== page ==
Issue #7 | Carlos Alcaraz: Joy and Pain

Issue #7 | Carlos Alcaraz: Joy and Pain

Photo Credit: Mateo Villalba/Getty Images

Today in Paris, in what was arguably the most anticipated matchup of Roland Garros this year, Carlos Alcaraz and Jannik Sinner brought the heat, leaving everything they had on Philippe Chatrier this afternoon. It would be Carlos Alcaraz who would fight his way into his first Roland Garros final by edging out Italian superstar and soon to be world number one, Jannik Sinner in a five-set battle: 2-6, 6-3, 3-6, 6-4, 6-3. 

Alcaraz and Sinner would add another chapter to their newfound rivalry and continue to shine a bright light on the future of men’s tennis in the now all but defunct “Big Three Era.” Alcaraz would need to climb his way out of a 1-2 set deficit, but would get stronger in the fourth set, and would clench firmly to an early fifth set break. Sinner, who would add some additional drama to the match by playing through a cramping hand, would have the fans at the edge of their seats as he fended off four break points in the third set.

While Sinner valiantly played through the pain, Alcaraz reached deeper into his bag, and in Alcaraz fashion, got better the longer the match went on. It was evident after the fourth set that Alcaraz had managed to ever so slightly tip the momentum of the match to his favor, and conjured up some of his finest tennis heading into the decider.

In the fifth, Alcaraz would go full beast-mode, breaking Sinner early by blasting a forehand so fierce, it likely left a permanent mark on the earth’s surface. From that point on, Alcaraz would set the dials to cruise control, and would close Sinner out on his third match point opportunity. The fifth set was Alcaraz at his best, doing Alcaraz things, and everything up to that point was nothing short of spectacular from both men.

Post match, Alcaraz mused, "You have to find the joy in suffering," in reference to his recent injury, rivalry, and disappointment on this very court last year.  This is Alcaraz’s third Top 5 win of the season, and now takes a 5-4 lead in this head to head against Sinner. "The toughest matches I’ve played have been against Jannik," he added, sounding like he’d just gone twelve rounds with Mike Tyson.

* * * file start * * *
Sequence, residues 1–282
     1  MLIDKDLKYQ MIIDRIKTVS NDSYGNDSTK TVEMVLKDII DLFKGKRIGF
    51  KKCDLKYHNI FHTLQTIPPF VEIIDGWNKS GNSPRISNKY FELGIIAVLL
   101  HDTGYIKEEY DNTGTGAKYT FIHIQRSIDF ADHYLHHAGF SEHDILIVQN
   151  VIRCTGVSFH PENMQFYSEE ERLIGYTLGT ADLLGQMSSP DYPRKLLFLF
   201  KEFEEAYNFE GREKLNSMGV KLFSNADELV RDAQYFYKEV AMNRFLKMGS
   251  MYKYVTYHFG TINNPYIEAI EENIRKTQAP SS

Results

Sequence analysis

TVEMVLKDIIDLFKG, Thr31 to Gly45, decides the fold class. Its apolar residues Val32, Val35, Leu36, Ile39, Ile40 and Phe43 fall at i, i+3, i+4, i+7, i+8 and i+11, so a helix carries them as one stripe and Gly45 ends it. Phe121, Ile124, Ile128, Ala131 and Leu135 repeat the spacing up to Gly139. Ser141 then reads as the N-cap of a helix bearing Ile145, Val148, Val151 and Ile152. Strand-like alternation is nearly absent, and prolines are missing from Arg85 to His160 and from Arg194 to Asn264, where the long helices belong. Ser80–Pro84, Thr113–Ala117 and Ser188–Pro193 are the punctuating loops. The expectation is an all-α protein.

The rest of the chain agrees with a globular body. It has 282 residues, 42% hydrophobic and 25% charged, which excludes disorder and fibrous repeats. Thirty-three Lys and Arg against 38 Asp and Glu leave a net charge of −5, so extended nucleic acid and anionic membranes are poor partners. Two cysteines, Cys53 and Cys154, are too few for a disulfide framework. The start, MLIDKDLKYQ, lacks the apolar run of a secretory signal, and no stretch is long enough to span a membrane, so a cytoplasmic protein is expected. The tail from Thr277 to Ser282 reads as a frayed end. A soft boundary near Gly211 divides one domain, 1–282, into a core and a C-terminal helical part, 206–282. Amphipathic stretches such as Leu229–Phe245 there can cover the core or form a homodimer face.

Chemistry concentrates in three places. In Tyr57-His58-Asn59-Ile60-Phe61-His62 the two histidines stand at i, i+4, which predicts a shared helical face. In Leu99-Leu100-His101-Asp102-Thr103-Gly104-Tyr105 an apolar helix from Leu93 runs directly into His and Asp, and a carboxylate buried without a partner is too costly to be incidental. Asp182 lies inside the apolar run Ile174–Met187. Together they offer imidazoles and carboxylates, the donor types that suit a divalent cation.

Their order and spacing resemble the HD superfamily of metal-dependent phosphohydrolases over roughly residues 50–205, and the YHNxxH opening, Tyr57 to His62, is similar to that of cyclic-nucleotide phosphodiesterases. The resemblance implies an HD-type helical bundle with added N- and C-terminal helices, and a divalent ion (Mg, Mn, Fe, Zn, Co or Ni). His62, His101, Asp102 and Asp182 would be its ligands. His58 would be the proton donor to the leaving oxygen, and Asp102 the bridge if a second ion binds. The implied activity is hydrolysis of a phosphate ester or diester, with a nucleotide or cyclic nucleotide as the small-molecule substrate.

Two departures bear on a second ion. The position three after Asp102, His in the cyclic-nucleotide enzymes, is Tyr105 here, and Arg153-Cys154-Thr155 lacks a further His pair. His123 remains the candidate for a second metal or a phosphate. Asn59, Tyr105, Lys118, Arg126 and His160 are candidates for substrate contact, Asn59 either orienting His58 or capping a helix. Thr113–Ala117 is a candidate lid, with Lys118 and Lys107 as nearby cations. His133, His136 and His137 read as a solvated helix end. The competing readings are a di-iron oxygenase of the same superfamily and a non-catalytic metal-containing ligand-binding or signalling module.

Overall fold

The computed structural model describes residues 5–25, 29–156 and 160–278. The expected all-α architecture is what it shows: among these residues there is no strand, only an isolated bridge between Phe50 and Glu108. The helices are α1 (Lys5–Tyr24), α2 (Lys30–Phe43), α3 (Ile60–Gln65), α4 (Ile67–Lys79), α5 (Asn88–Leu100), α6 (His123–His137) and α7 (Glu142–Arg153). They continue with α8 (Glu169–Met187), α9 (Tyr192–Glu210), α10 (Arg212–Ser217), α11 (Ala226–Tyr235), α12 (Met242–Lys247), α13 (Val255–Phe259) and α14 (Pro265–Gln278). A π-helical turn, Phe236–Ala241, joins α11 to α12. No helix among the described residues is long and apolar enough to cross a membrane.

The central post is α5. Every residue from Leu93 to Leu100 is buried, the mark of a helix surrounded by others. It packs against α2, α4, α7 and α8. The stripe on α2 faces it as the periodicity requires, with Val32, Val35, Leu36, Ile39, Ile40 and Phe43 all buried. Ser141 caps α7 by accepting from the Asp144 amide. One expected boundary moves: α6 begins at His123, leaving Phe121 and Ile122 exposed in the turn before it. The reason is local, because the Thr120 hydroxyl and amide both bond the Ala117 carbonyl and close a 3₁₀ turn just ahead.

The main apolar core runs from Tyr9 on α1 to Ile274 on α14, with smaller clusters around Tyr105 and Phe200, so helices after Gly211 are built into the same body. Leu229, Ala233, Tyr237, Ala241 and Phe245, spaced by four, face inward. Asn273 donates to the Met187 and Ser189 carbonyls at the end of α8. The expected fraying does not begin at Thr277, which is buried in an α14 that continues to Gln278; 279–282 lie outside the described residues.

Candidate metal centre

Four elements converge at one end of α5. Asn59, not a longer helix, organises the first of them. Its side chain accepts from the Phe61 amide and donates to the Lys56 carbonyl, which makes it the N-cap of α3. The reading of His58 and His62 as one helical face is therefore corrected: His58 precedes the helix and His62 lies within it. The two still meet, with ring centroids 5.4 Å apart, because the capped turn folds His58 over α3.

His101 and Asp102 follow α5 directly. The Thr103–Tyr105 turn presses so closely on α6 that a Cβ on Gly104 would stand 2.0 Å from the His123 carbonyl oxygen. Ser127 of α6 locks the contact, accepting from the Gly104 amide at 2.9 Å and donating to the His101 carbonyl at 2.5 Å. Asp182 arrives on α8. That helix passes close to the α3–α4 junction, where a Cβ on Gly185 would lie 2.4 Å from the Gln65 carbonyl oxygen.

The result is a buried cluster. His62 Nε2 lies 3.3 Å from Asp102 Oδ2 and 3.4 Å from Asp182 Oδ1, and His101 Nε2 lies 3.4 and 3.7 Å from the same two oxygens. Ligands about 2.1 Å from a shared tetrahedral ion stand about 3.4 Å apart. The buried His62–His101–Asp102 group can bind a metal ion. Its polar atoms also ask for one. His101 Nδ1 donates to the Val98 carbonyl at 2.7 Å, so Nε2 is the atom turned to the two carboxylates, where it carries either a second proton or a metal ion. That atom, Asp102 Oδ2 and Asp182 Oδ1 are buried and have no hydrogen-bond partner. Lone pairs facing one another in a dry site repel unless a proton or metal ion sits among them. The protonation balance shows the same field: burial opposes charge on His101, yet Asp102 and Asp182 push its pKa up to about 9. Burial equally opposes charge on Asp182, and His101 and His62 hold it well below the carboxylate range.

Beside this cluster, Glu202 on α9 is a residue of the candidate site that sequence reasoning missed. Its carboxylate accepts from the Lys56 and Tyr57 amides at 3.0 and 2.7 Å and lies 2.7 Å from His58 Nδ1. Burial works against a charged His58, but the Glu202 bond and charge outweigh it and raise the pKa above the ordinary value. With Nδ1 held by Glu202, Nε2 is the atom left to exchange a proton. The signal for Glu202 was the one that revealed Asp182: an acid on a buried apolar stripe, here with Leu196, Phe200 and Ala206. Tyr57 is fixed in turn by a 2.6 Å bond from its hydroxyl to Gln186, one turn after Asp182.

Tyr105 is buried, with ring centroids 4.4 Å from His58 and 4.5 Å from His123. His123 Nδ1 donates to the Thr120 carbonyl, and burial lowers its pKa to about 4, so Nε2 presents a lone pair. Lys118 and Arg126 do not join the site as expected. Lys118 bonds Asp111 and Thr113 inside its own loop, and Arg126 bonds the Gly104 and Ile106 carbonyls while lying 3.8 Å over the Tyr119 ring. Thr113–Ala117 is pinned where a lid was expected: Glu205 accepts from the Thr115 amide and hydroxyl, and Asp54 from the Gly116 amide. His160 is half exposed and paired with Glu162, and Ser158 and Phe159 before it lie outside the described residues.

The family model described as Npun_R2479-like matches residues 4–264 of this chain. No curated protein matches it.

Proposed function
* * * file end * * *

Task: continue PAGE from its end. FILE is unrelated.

Reflecting on the match, Alcaraz admitted, "I saw him struggling, but I was cramping too. I learned from last year's match against Djokovic—you have to stay calm and keep going." Indeed, his composure saw him through this epic match, leaving us all anxious to see what he does next.

Alcaraz still has work to do, he has his sights set on a third Grand Slam title, on what’s likely his favorite surface. Awaiting him in the final is either Casper Ruud (it’s your time to shine buddy) or the guy who I'm pretty certain was one of the Russian nightclub owners from The Transporter Refueled. Alcaraz, the prodigy who already boasts US Open and Wimbledon titles, is the youngest player to reach a major final on all three surfaces. 

As for Jannik Sinner, on Monday, he’ll make his debut as the new world number one. The 22-year-old, fresh off his Australian Open triumph, showcased the resilience and skill deserving of the world’s top player, and it doesn’t need to be said, we all know it. He may not leave Paris as the champion, but he’s leaving with the number one ranking, $700K in his Gucci bag and Anna Kalinskaya (as a respected and equal partner mind you). Don’t get it twisted, Jannik stays winning.

To me, the French Open seems to be the most obvious Grand Slam for Alcaraz to find success, taking the reins from Rafael Nadal, and continuing the years of Spanish dominance at Roland Garros. There’s no doubt Alcaraz will be ready to create more magic on Sunday, in fact, I’d argue it’s his destiny to win here. One thing’s for sure, win or lose, he’ll do it with finesse and intensity, and beaming that million dollar smile of his the entire way. Because despite all his success at the young age of twenty-one, he’s also at peace with the suffering that comes with his journey to greatness.

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